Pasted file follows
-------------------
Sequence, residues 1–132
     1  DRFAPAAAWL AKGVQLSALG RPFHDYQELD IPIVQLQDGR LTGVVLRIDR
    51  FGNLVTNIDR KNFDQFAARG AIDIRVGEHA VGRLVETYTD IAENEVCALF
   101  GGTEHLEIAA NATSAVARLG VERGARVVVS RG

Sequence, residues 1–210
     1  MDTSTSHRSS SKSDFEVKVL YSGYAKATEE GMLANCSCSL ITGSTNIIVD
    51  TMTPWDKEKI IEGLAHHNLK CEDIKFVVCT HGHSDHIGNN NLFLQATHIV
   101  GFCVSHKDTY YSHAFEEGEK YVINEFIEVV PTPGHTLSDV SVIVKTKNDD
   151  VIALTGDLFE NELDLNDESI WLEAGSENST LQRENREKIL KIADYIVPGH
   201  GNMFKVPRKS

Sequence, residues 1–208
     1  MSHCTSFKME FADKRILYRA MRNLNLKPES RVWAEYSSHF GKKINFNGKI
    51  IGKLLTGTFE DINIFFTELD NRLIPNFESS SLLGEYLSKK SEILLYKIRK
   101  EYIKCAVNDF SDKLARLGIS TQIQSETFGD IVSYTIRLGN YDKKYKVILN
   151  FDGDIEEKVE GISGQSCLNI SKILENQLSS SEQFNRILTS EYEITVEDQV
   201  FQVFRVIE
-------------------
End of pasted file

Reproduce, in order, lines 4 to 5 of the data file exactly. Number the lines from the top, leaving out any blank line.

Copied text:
   101  GGTEHLEIAA NATSAVARLG VERGARVVVS RG

Sequence, residues 1–210